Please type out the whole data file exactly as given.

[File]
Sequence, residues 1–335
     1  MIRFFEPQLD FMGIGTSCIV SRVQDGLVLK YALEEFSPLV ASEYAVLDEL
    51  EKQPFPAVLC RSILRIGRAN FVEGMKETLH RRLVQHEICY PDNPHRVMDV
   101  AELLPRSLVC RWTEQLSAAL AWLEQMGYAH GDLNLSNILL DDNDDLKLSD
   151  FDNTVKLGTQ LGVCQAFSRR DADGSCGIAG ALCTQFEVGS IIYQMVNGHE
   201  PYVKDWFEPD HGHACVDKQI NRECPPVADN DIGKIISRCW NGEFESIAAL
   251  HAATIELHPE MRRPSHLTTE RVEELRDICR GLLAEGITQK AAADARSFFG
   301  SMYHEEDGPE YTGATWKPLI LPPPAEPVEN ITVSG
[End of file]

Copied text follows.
Sequence, residues 1–335
     1  MIRFFEPQLD FMGIGTSCIV SRVQDGLVLK YALEEFSPLV ASEYAVLDEL
    51  EKQPFPAVLC RSILRIGRAN FVEGMKETLH RRLVQHEICY PDNPHRVMDV
   101  AELLPRSLVC RWTEQLSAAL AWLEQMGYAH GDLNLSNILL DDNDDLKLSD
   151  FDNTVKLGTQ LGVCQAFSRR DADGSCGIAG ALCTQFEVGS IIYQMVNGHE
   201  PYVKDWFEPD HGHACVDKQI NRECPPVADN DIGKIISRCW NGEFESIAAL
   251  HAATIELHPE MRRPSHLTTE RVEELRDICR GLLAEGITQK AAADARSFFG
   301  SMYHEEDGPE YTGATWKPLI LPPPAEPVEN ITVSG